St Peter might even be a bit OTT in his reaction but essentially he is right in that he makes clear to Simon that one is unable, whomsoever one is, unable to barter or trade one’s way spiritually-speaking to anywhere but to dismay and grief.

So a person does not do, does not go into, ‘Devotional Service’ for the sake of obtaining the entrance into any ‘transcendental knowledge’ it might offer or allow one.  Any and all transcendental knowledge instead is as if a by-product of having done and continuing to do ‘Devotional Service’; it is subsidiary in train to ‘Devotional Service’ and is dependent logically on the priority of devotional service, as is also any such knowledge which might accompany doing such service.

This is not to say however that the ‘transcendental knowledge’ is inferior in value to, because its arising depends upon, the spiritual works of ‘Devotional Service’ one practices. It is, as the Indian translator of the Bhagavad Gita says, ‘the mature fruit’ of long meditation and deep consideration which he terms ‘mysticism’.  And so there is indeed room in one’s life for thinking and pondering, but any person is able to think and to ponder, to meditate and consider at the same time as s/he is doing what s/he is able to do in the service of his/her God, for the sake of other fellow beings around the local area and to the extent that his/her reach permits. In fact the things one does as ‘Devotional Service’ are the things one best uses as materials for pondering on and considering and reflecting on.  In this way doing of service discovers a route towards that ‘mature fruit’ of ‘transcendental knowledge.

And what is this ‘transcendental knowledge’ – the stuff that sounds so pompous and high and mighty and at which the resistant and the opposed among us scoff at so surlily,  as being ‘self-delusion’ and ‘fancied imagination’?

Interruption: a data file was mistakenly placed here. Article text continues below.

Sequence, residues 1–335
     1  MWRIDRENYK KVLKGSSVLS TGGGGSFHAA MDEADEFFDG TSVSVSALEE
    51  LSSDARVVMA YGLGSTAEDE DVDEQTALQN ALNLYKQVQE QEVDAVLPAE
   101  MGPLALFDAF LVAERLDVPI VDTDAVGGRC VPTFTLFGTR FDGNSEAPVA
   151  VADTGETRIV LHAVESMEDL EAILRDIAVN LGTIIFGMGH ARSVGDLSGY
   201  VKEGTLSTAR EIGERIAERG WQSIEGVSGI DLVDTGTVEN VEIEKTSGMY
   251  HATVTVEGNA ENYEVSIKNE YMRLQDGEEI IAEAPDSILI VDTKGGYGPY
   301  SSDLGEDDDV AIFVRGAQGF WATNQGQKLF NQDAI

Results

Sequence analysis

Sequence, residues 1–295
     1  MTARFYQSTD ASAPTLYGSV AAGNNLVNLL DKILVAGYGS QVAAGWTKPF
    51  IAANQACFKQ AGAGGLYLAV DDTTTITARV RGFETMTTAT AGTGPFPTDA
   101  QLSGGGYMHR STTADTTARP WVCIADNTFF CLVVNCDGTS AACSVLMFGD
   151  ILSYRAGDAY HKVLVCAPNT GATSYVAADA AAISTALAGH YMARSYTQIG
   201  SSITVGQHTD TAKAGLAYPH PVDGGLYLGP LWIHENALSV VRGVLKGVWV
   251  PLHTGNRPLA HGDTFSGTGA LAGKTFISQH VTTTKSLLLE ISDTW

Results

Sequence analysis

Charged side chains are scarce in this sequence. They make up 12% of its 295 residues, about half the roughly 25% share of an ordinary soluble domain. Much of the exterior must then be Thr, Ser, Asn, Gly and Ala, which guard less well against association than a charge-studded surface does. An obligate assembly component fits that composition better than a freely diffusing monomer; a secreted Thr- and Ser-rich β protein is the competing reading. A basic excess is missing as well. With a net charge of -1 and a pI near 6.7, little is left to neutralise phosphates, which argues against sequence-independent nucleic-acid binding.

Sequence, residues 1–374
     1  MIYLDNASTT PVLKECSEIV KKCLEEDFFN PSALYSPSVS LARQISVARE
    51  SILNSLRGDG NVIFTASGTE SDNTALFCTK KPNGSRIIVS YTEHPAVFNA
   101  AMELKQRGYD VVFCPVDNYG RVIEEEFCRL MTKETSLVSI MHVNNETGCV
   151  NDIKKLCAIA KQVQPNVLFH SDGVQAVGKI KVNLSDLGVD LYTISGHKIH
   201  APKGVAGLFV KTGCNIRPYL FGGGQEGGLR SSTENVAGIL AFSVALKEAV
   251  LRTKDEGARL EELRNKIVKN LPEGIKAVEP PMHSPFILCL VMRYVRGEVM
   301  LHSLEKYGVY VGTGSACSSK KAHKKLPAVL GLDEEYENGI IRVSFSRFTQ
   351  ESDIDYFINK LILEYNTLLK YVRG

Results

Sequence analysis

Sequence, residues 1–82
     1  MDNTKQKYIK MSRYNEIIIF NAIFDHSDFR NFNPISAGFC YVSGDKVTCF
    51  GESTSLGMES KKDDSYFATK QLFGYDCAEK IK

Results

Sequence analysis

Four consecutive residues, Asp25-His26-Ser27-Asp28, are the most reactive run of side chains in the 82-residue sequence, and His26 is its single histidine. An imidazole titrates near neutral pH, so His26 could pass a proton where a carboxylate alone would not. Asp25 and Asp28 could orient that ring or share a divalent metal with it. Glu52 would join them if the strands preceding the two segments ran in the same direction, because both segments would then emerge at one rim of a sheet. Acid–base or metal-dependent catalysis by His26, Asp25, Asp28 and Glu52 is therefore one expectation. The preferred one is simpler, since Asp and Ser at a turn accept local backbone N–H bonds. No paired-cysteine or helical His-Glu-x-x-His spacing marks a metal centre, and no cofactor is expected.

Well, it’s not that rarefied as knowledge goes, and is not that hard to see; it’s local as well as being cosmic, and commonplace as well as being a jewel to be obtained – it’s like the flowers of the field which in summer are everywhere in vast untold numbers wherever you walk or ride – each one of them being something irreplaceable and impeccable in itself, and consisting of a beauty which men and women are unable to extract and to manufacture. We might tread them underfoot – whereupon nature upspringing revives them as pristine as ever at their very next due season.

The stuff of ‘transcendental knowledge’ then is the stuff one needs so as to be able to sustain oneself in doing one’s ‘Devotional Service’. It is simple, plain, obvious, present in the here and now, and plentiful; so as to be picked like a daisy by anyone who desires it.

But a person picking it is unable to do so when it is desired for itself alone and desired above doing that service. (It is like Harry Potter’s ‘philosopher’s stone’ which is only able to be possessed by someone who does not desire it so as to use its powers and capabilities for themselves)

It is instead a complete package, the whole nine yards, the full Monty, the shooting match, the farm, the fruit of all that work and the effort, of one’s attempts to deny oneself and one’s own self-interest. Even of attempts to pass by indulgence in money reward and human thanks; and instead to take these items only in due measure as is needed for sustaining of body and life; and to take them along with a knowledge and joy to be discovered in attempting one’s best to do all things well in ‘reasonable service’.

I have quoted John Donne before now; but he’s such a great guy he’s worth quoting again: his description of ‘Charity’ – which is his age’s word for ‘doing love’ – is that it consists of:

‘Doing what one can: all one can’